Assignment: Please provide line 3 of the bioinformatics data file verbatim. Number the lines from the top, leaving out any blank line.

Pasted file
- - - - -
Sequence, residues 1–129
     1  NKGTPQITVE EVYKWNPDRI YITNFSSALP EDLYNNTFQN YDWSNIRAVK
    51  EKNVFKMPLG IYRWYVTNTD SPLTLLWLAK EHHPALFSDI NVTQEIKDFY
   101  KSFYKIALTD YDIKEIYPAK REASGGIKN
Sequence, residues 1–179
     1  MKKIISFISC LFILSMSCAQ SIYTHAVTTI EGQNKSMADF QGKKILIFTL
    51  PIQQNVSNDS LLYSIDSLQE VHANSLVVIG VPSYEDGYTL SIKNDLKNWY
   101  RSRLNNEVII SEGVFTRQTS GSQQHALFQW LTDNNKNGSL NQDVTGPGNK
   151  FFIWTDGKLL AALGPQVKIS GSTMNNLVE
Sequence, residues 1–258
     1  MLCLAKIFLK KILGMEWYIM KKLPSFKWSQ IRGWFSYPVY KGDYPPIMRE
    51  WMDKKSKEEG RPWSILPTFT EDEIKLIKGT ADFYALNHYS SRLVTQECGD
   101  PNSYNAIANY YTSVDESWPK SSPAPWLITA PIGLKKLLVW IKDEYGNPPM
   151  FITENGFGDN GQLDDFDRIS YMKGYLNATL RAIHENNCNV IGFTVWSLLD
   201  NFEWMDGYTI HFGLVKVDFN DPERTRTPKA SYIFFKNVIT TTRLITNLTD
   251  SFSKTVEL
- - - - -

    51  EKNVFKMPLG IYRWYVTNTD SPLTLLWLAK EHHPALFSDI NVTQEIKDFY